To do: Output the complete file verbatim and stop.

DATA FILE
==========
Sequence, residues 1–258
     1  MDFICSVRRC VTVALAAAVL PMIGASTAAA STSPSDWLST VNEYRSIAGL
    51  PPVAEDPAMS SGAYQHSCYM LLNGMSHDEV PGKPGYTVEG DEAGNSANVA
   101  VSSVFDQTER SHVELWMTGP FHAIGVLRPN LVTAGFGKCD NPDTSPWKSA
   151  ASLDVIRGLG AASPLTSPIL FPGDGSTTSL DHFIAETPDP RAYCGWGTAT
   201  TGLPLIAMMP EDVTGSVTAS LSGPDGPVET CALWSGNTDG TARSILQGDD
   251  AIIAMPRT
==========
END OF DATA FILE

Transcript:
Sequence, residues 1–258
     1  MDFICSVRRC VTVALAAAVL PMIGASTAAA STSPSDWLST VNEYRSIAGL
    51  PPVAEDPAMS SGAYQHSCYM LLNGMSHDEV PGKPGYTVEG DEAGNSANVA
   101  VSSVFDQTER SHVELWMTGP FHAIGVLRPN LVTAGFGKCD NPDTSPWKSA
   151  ASLDVIRGLG AASPLTSPIL FPGDGSTTSL DHFIAETPDP RAYCGWGTAT
   201  TGLPLIAMMP EDVTGSVTAS LSGPDGPVET CALWSGNTDG TARSILQGDD
   251  AIIAMPRT